This course will address research and social issues pertaining to the study of fatherhood in the family field, particularly in the area of nonresident fathering in the context of families and relationships. Participants will be exposed to research on fatherhood, consider issues of fatherhood in the context of family theory, and research an area of scholarly interest in fatherhood studies. Cr. 3.
WGS 401: Advanced Topics in Women’s, Gender, and Sexuality Studies: Reverence for Life: Peace, Reconciliation, and Community
This course draws on the work of Albert Schweizer, contemporary perspectives on the Ethic of Care, and emerging work in nonviolent conflict resolution. This interdisciplinary course looks at the components of community building and sustainable practices centered around equity, social justice, and inclusion. Appropriate for anyone interested in the ideas of a culture of peace. (WGS 101 or instructor’s permission.) Cr. 3.
WGS 401: Advanced Topics in Women’s, Gender, and Sexuality Studies: Amazons: A Multicultural Perspective
The question of women and war, including women warriors, has engaged people for centuries. Beginning with the mythology and mythic history of Amazons in ancient Greece, we trace the tradition of woman warriors in Western literature and culture, investigating Penthesilea, Boudicca, Joan of Arc and female warrior traditions of Europe. After this foundation we look at non-European cultural traditions of women warriors, and the testimony of modern women who have fought in resistance movements and wars. Incorporating women’s contemporary attitudes and experiences within & outside the military. Additional component: depiction of “Amazons” in fantasy and films. Cr. 3.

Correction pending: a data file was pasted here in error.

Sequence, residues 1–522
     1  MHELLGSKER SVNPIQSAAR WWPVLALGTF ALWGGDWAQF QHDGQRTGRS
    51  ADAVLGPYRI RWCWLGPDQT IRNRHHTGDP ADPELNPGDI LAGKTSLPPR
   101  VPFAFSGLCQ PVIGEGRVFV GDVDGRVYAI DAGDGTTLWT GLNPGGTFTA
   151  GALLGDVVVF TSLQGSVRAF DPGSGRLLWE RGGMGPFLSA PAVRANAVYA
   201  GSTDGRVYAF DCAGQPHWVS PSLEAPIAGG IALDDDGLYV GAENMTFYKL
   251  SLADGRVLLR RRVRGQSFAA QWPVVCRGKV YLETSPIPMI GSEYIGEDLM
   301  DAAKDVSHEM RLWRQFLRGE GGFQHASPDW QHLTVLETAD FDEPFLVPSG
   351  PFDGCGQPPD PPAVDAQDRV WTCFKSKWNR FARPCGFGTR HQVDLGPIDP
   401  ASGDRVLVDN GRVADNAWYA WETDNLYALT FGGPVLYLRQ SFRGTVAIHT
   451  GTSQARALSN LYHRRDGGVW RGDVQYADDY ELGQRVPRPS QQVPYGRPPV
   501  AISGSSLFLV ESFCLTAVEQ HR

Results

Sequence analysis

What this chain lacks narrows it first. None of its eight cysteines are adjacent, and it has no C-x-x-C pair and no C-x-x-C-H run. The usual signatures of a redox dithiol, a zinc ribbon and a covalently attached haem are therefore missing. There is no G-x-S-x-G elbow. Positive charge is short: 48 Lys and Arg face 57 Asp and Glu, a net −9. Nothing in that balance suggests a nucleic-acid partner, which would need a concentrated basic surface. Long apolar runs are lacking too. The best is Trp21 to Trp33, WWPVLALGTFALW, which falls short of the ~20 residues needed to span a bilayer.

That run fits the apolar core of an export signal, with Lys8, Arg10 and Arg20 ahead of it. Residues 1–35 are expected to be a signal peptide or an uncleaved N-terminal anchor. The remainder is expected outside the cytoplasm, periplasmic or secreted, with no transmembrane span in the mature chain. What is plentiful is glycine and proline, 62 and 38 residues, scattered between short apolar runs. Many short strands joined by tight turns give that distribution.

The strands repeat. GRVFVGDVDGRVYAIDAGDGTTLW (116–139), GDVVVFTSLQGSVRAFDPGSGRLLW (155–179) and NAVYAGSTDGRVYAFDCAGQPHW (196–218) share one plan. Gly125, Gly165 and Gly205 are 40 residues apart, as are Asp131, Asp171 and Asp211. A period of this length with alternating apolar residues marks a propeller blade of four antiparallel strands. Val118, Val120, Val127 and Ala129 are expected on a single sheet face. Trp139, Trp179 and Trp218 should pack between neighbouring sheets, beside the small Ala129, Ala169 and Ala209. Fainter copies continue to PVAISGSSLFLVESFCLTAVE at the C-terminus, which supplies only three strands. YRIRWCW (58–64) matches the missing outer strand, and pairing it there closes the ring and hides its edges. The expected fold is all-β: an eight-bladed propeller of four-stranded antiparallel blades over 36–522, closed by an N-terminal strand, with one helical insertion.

WGS 401: Advanced Topics in Women’s, Gender, and Sexuality Studies: Internship
This course provides guidance for all those WGS students involved in an internship. It is designed to help students meet all internship requirements and can be tailored to meet student interest, pending instructor approval.
WGS 410: Feminist, Gender and Queer Theory
An Advanced, interdisciplinary, multicultural introduction to the main traditions of feminist and queer theory. (General Education = Ethics. Prerequisites: 6 hours of Women’s, Gender, and Sexuality Studies courses including WGS 101, or permission.) Cr. 3.
WGS 451: Women’s Sexuality
This course explores the nature of women’s sexuality from a developmental perspective, with the intent of enhancing students’ understanding of how women’s sexuality is shaped, changed, and expressed throughout life. Moving beyond the traditional focus on sexual functioning, this course emphasizes the complex interaction of psychological, social, cultural, and biological influences on the creation of sexual meanings for women. Cr. 3.
WGS 471: Advanced Topics in Women’s, Studies: Women’s Sexuality
This course explores the nature of women’s sexuality from a developmental perspective, with the intent of enhancing students’ understanding of how women’s sexuality is shaped, changed, and expressed throughout life. Moving beyond the traditional focus of sexual functioning, this course emphasizes the complex interaction of psychological, social, cultural, and biological influences on the creation of sexual meanings for women. Cr. 3.
WGS 480: Senior Seminar in Women’s, Gender, and Sexuality Studies: Women and Education
The topic will be broadly interpreted to include the diversity of experience of Gender in today’s society. (General Education= Soc. Cont. & Inst., Cult. Div. & Int’l., Writing Intensive, and Capstone. Prerequisite: WGS 101, WGS 410, and senior standing or permission). Cr. 3.
WGS 498: Directed Study in Women’s, Gender, and Sexuality Studies
Junior or Senior standing and permission from the program director required. Cr. Ar.